1. During the weekdays of Lent, therefore, the Scripture readings for the Eucharist are concerned with three main themes. The selections for the first three weeks have to do almost exclusively with change of heart: what it means and what it involves.


  1. They present the classic themes of Lent: prayer, care for our neighbour and repentance for our sinfulness; our disordered affections.
  2. We need to ask ourselves why do we continually fall into the same patterns; finding ourselves caught in habitual responses to relationships, to work, or any other life situation-that does not further our purpose in life, but leads only to the continued circle of unhappiness.


  1. Our habitual responses begins in an avoidance of the NOW; the present moment, so that we live from the past with all its hurt and regret to the future with its uncertainty and fears; a future which always fails to become the present moment.


  1. This can be overcome by either suffering, which forces us into the NOW, or by prayer; by meditation and contemplation that move us towards that mystical union with God who is always in the ETERNAL NOW.


  1. One of the greatest theologians of the 20th century, Karl Rahner actually stated that unless we return to this mystical experience, Christianity will become irrelevant in the 21st century.


  1. Consider some practical examples of such prayer. When finding yourself caught in a habitual responses like the captain in our story, we start our prayer by deeply breathing the name of Jesus...Je (in)...sus (out). Use this body prayer of the inner shrine; the godness within; to clear space and envision some new response.


  1. Sometimes the action envisioned in a prayerful state will not make sense. Breathe Jesus and ask God for confirmation. The action will never go against your conscience.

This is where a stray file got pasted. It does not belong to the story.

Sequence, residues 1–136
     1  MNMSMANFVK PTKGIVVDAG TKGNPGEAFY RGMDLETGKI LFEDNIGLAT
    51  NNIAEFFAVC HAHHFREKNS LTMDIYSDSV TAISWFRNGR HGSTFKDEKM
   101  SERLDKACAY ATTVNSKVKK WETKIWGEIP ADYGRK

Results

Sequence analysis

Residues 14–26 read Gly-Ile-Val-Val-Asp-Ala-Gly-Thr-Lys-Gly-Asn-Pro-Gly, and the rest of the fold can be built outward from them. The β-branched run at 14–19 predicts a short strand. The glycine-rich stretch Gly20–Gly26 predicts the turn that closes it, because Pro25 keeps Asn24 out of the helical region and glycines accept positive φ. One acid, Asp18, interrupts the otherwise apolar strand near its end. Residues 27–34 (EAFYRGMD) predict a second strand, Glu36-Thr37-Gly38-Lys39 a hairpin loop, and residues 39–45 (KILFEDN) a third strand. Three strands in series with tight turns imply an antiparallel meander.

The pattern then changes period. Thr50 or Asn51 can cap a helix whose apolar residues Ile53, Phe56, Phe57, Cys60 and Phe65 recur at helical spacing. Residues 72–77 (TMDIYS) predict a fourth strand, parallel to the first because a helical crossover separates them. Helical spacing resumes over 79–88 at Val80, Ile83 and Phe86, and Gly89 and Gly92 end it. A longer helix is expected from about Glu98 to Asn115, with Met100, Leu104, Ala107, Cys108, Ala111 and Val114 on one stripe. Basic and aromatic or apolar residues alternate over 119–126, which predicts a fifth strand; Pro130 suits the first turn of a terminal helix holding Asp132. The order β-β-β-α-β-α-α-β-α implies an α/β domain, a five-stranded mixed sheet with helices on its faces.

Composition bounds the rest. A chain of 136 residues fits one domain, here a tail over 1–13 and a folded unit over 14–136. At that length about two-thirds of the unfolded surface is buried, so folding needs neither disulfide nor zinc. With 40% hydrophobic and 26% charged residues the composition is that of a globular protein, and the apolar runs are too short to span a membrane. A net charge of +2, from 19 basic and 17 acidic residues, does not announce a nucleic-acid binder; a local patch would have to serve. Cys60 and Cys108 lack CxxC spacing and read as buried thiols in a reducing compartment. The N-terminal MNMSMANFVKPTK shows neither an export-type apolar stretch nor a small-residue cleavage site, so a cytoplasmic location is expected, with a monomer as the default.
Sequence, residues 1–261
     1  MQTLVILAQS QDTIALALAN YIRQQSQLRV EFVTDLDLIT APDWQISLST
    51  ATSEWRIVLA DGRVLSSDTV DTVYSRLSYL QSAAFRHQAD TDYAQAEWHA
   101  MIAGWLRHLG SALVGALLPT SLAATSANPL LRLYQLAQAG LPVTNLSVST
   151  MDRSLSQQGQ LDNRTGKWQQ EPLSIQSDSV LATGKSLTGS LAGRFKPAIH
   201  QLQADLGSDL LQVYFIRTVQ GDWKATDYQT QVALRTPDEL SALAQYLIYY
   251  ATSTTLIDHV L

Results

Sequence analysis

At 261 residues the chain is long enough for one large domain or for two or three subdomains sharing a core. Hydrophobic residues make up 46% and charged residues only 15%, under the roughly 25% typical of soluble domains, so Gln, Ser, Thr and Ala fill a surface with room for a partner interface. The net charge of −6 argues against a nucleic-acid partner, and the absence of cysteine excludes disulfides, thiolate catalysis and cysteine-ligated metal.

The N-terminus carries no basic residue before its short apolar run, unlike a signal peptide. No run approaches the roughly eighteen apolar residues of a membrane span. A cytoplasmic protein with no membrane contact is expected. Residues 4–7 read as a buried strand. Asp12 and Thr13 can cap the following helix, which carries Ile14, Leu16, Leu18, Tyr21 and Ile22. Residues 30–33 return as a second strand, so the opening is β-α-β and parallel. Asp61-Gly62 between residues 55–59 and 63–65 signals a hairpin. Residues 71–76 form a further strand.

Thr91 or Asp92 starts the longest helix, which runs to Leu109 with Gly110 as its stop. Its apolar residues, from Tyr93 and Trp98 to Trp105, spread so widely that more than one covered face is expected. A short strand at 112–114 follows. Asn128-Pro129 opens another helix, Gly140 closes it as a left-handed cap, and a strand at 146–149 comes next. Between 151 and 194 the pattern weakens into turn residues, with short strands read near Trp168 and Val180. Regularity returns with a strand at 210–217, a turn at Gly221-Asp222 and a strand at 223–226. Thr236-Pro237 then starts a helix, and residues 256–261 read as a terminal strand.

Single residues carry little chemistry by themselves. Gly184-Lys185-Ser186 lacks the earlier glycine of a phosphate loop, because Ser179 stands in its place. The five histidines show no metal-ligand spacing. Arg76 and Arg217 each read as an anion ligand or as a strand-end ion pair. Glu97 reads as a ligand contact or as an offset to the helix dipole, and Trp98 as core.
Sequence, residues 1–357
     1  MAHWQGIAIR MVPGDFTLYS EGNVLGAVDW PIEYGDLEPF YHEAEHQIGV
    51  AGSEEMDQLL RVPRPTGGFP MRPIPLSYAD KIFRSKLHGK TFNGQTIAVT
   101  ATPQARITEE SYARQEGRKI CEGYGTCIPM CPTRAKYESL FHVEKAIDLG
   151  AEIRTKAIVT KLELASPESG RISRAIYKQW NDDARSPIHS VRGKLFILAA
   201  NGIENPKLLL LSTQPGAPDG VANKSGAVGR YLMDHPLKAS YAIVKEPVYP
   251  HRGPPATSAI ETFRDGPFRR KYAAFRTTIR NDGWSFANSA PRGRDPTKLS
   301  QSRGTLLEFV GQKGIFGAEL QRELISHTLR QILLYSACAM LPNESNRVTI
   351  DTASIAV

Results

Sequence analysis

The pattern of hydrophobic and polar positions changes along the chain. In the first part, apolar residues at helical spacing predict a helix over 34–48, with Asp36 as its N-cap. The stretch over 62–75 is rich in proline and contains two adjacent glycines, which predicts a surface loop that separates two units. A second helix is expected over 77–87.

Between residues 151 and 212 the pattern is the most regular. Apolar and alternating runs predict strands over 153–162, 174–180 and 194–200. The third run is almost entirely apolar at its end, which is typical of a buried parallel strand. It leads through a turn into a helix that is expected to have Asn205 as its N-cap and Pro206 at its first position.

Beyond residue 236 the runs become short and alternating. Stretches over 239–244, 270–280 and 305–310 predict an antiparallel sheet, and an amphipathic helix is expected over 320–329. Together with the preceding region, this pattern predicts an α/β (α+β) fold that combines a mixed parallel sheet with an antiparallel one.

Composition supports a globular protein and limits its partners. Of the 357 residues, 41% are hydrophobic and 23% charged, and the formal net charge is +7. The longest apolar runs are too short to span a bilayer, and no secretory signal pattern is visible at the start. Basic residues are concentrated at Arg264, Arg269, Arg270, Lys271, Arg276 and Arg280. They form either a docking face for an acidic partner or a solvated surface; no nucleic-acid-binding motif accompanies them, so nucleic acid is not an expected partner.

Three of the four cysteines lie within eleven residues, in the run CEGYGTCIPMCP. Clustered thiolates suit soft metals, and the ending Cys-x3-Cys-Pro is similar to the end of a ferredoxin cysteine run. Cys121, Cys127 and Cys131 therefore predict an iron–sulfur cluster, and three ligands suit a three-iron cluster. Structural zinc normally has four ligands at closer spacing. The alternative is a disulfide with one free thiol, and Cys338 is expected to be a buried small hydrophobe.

1. Envision the new response so clearly that you feel it in your body. Then when the situation arises, act from the heart, from intuition, before the mind can drag you back to a habitual response. Any artist, musician, ballet dancer, needs to interact in three dimensional space and time; this is only possible once the rational response mechanism makes way for the intuitive response.
  2. The second part of our practical steps. Make a list of what you feel is lacking in life, both personally and in our world. Then make another list of what inspires you, including your personal qualities and strengths as well as those you feel around you on the earth.


  1. Compare the feeling that you had making each list and hold the two feelings together in your heart. While holding both, see what relation you find between what's wanting and what's fulfilled in your life as well as the life of the planet.
  2. What are the most important areas for change? Then with lists in hand, compare these areas you have noted as important, to the way you spend most of your time.


  1. Use a peaceful, prayerful breath and do not be sidetracked by either guilt or self-satisfaction. Use this process as a plan for your practical short-term as well as long-term goals. Find one immediate action that will make a difference, no matter how small. Every journey begins with one step.